Usually, the showdown becomes the cornerstone of the film, leaving the rest of the film merely trivial, but in “Clementine”, Ford doesn’t emphasize the melodrama of the showdown, it is simply a result of what has happened earlier in the film, thus, Ford makes us realize that it is what lead up to the gunfight that is significant.
We follow the story through Wyatt Earp (Henry Fonda), a good-hearted former town marshal who believes in rules and regulations. We first meet him as he and his brothers are driving cattle east to Kansas. In need of a break, Wyatt and his brothers leave their youngest brother James in charge of the herd. When they reach the town, much to their dismay, they find out that Tombstone has become a lawless town without a marshal, driven by anarchy. They quickly return to their camp but it’s too late, the cattle have been stolen and James murdered.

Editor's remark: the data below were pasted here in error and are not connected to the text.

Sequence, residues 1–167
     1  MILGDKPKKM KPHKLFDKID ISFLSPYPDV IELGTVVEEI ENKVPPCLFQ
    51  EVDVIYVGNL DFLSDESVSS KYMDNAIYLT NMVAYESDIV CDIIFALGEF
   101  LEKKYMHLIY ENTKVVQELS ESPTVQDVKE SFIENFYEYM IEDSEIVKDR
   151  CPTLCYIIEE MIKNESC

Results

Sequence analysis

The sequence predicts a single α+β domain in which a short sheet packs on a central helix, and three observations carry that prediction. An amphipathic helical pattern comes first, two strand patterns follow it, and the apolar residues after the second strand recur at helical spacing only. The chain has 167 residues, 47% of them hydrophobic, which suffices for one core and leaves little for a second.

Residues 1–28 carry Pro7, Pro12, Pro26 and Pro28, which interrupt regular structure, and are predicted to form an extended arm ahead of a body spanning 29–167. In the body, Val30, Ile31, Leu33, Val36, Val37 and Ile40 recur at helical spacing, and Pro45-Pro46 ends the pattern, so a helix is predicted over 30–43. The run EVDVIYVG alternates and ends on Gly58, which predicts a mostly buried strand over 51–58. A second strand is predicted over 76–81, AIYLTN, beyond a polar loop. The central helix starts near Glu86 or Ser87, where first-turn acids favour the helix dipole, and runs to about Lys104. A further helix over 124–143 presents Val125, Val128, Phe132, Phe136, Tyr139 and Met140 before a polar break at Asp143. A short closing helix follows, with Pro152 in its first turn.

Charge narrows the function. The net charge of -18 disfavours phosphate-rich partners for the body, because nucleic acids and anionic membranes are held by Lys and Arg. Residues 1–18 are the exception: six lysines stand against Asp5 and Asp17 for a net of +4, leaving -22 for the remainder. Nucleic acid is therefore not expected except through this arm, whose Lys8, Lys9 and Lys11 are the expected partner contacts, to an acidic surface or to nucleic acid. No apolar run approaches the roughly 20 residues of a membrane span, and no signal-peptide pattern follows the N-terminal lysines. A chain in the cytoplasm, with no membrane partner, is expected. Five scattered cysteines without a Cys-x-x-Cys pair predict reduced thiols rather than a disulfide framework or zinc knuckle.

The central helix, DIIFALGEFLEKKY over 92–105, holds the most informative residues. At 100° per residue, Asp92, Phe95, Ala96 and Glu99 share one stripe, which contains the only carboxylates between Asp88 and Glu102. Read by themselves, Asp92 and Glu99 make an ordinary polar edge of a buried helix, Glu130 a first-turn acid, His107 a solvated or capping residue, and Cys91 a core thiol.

At this point, one might imagine that the story would turn into a run-of-the-mill revenge story, but it doesn’t. Wyatt seeks to avenge his brother but he isn’t blinded by hate. He wants revenge, but legally. Therefore, Wyatt takes on the much-needed job of town marshal in Tombstone and vows to stay there until James’ killers are found.
For most viewers, “My Darling Clementine” is the story of the gunfight at the OK Corral and while this isn’t untrue, “Clementine” is just as much a story about the end of the Old West and the arrival of civilization. That is why John Wayne wasn’t cast for Wyatt Earp because Wayne had become the embodiment of the Old West while Fonda could be seen as a representation of the New. Perhaps this is also why the film is set a year later than the actual event, to depict the clash between the New and the Old West.
The renowned director of the film, John Ford (1895-1973), is often quoted as saying, “My name’s John Ford. I make Westerns”, and it is not unlikely that he very well might have been the greatest director of Westerns, possibly the greatest of all American directors, and “My Darling Clementine” is the proof of that, as it has often been hailed as Ford’s best film by notable figures such as Roger Ebert. It is truly one of the greatest films ever made and an absolute must-see for any fan of Westerns or biographical films.
6. Aguirre, the Wrath of God (1972, Werner Herzog)
Based on the life of the Basque Spanish conquistador Lope de Aguirre